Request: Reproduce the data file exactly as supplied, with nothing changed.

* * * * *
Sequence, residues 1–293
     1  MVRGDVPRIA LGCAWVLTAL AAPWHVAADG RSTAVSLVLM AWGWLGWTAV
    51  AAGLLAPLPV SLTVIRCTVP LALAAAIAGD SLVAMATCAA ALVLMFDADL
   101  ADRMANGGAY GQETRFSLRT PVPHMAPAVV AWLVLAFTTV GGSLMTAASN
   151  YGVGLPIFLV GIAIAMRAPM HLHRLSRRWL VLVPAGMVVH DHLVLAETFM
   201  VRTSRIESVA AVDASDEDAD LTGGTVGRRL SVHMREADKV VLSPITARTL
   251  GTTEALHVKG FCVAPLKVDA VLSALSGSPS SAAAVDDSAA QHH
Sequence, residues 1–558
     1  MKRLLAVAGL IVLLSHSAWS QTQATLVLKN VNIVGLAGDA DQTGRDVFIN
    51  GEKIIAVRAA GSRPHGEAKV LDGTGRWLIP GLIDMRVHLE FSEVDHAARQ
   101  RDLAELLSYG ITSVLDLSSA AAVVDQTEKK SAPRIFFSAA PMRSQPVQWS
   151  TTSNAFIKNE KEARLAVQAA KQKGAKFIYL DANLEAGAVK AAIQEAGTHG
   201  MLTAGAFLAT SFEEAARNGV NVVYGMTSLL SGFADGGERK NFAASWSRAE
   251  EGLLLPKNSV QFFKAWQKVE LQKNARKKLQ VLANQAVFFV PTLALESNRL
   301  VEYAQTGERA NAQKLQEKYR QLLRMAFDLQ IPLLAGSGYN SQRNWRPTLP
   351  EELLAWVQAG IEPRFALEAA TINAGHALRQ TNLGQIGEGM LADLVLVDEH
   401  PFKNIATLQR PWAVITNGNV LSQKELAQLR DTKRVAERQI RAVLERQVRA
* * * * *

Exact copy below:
Sequence, residues 1–293
     1  MVRGDVPRIA LGCAWVLTAL AAPWHVAADG RSTAVSLVLM AWGWLGWTAV
    51  AAGLLAPLPV SLTVIRCTVP LALAAAIAGD SLVAMATCAA ALVLMFDADL
   101  ADRMANGGAY GQETRFSLRT PVPHMAPAVV AWLVLAFTTV GGSLMTAASN
   151  YGVGLPIFLV GIAIAMRAPM HLHRLSRRWL VLVPAGMVVH DHLVLAETFM
   201  VRTSRIESVA AVDASDEDAD LTGGTVGRRL SVHMREADKV VLSPITARTL
   251  GTTEALHVKG FCVAPLKVDA VLSALSGSPS SAAAVDDSAA QHH
Sequence, residues 1–558
     1  MKRLLAVAGL IVLLSHSAWS QTQATLVLKN VNIVGLAGDA DQTGRDVFIN
    51  GEKIIAVRAA GSRPHGEAKV LDGTGRWLIP GLIDMRVHLE FSEVDHAARQ
   101  RDLAELLSYG ITSVLDLSSA AAVVDQTEKK SAPRIFFSAA PMRSQPVQWS
   151  TTSNAFIKNE KEARLAVQAA KQKGAKFIYL DANLEAGAVK AAIQEAGTHG
   201  MLTAGAFLAT SFEEAARNGV NVVYGMTSLL SGFADGGERK NFAASWSRAE
   251  EGLLLPKNSV QFFKAWQKVE LQKNARKKLQ VLANQAVFFV PTLALESNRL
   301  VEYAQTGERA NAQKLQEKYR QLLRMAFDLQ IPLLAGSGYN SQRNWRPTLP
   351  EELLAWVQAG IEPRFALEAA TINAGHALRQ TNLGQIGEGM LADLVLVDEH
   401  PFKNIATLQR PWAVITNGNV LSQKELAQLR DTKRVAERQI RAVLERQVRA